If I hadn’t grown up as a third culture kid, I doubt I’d even be a writer. When I went to boarding school as a young child (which wasn’t a lifestyle choice, there were no schools near where we lived), I escaped into my imagination. I wrote my first fiction as a child. As an adult I find I write about the place I’ve most recently left, rather than the one I happen to be living in at the time.

Castles in the Air BRAGWhat were Molly’s strengths and weaknesses?

Molly was fearless, and I say this with envy. I wish I had half her courage. She didn’t care about what people thought of her either, and I admired that in her too. In a crisis she was brilliant.

But she had a father who doted on her and she would always get her own way, which exasperated Ciss, her mother, who had grown up in a poor family. Although she was charming and could be the life and soul of the party, she was self-absorbed. I think she also had an addictive personality.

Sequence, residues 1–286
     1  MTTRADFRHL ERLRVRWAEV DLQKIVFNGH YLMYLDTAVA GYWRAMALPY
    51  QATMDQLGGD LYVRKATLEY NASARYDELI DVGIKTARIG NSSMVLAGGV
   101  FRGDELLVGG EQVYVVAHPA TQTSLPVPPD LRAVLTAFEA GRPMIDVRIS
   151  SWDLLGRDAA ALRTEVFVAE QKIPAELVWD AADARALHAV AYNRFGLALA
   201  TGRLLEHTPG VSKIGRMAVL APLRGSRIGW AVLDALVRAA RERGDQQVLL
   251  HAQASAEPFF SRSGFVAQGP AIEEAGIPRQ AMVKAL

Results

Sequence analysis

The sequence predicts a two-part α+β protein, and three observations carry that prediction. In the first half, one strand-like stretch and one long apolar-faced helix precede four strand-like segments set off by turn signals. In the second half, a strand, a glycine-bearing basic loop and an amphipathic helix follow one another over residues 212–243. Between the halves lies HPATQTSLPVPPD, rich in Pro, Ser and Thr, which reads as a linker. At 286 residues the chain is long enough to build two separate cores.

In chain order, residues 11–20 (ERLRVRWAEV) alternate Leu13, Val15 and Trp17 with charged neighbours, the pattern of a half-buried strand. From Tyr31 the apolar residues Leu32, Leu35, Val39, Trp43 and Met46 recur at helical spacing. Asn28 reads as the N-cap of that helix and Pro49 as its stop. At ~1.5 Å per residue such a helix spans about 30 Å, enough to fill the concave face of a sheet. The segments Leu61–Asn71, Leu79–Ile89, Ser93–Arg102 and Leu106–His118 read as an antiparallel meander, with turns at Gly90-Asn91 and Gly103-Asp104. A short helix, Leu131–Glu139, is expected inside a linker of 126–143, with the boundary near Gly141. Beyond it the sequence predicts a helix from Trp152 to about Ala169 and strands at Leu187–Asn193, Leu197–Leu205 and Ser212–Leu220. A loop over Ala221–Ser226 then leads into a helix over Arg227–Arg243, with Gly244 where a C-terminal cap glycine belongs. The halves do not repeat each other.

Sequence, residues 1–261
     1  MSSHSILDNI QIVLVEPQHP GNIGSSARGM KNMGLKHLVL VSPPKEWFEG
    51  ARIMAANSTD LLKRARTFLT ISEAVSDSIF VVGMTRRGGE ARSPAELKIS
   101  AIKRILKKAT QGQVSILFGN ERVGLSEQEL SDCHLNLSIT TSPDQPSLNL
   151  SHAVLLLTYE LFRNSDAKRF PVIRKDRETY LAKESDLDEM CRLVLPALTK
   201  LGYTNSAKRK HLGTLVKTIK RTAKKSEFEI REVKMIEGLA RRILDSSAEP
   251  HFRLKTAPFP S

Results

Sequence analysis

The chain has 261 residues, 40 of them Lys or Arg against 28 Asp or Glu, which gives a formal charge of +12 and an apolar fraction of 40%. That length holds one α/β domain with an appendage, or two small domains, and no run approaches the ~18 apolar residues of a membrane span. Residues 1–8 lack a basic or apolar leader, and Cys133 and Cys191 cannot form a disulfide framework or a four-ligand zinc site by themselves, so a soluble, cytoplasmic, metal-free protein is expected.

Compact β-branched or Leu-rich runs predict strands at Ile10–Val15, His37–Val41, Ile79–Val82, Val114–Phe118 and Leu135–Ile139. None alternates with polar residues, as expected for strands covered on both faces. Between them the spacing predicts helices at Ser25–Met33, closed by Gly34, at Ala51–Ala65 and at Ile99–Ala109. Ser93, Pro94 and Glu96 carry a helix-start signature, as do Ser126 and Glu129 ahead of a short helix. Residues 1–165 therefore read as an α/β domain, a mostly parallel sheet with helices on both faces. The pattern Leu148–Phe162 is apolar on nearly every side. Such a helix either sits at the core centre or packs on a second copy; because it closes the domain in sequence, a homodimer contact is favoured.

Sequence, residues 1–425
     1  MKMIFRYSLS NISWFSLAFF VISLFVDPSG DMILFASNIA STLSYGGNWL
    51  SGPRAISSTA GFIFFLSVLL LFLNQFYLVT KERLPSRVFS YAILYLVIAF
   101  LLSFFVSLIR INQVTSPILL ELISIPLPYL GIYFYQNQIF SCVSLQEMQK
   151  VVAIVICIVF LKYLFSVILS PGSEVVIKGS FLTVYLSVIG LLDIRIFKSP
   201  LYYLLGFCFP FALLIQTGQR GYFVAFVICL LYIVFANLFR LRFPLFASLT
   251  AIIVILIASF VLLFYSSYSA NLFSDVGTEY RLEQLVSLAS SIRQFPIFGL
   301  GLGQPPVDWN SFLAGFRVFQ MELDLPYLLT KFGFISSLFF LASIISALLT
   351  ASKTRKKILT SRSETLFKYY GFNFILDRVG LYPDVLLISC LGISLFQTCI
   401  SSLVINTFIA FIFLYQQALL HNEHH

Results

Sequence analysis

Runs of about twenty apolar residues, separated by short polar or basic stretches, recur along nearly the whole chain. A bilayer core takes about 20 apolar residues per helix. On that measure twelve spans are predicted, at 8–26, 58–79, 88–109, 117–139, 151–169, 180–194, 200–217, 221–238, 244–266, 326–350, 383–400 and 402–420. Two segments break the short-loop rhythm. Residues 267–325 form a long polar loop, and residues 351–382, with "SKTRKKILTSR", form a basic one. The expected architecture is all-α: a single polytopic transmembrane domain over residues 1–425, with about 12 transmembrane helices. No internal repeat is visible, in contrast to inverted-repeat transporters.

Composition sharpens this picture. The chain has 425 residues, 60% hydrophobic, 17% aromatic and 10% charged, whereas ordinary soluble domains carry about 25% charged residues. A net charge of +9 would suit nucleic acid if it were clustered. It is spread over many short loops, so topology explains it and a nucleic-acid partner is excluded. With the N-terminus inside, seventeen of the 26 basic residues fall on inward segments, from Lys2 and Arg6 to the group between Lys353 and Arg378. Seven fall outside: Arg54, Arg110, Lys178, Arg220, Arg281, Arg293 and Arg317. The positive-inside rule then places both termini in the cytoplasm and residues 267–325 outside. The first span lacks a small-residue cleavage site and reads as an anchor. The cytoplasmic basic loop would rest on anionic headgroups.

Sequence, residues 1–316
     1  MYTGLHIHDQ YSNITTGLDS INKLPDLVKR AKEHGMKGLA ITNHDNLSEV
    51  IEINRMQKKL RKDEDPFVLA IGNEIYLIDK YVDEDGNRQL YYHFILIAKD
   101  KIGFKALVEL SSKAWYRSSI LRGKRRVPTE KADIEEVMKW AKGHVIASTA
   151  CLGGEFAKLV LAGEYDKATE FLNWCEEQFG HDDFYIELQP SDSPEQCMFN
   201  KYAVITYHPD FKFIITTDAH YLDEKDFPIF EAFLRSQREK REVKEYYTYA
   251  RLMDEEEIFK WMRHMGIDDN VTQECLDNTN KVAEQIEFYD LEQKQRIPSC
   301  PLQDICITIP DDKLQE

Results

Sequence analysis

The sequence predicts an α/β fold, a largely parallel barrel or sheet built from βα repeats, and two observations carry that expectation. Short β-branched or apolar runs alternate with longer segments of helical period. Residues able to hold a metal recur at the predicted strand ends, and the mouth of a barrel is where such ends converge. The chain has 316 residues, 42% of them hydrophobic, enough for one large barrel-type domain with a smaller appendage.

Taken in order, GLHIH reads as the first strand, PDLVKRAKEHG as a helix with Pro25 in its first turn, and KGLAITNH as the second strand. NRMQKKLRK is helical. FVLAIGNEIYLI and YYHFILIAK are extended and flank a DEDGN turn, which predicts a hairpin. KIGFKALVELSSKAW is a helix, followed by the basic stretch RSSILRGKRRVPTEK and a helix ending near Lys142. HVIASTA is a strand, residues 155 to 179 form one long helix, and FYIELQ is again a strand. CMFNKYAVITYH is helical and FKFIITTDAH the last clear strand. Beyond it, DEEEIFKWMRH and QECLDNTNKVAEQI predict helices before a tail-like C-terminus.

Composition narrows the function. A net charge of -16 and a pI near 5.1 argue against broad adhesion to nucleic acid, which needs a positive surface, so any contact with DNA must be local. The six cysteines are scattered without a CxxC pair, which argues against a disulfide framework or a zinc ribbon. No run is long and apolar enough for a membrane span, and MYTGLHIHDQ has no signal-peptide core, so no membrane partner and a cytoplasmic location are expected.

What are the emotional triggers in the book for you and how did you act upon them? 

It’s quite hard to be objective about the emotional triggers in this book because it’s a memoir and I’m a character! In a nutshell, the main emotional trigger was my curiosity at the relationship my mother had with Steve, the man she’d first met back in 1939 in Singapore. This was the catalyst for my writing the book in the first place.

Were there any challenges writing this story? What was your process?

This is, without doubt, the most difficult book I have ever written. I had to relive some painful memories, not just once, but again and again as I did my rewrites and proofs. I had a duty to the characters who are still alive, to stress that I was telling my version of events, which might not necessarily square with their experiences. I believe that a memoirist, unlike a historian or a biographer, is an unreliable narrator.

As far as the process was concerned, it was essential to come up with a watertight structure first. I had so much material, but it was a question of where I started. In a sense, it’s like being an architect. Once I had my blueprint, I could build the book around that.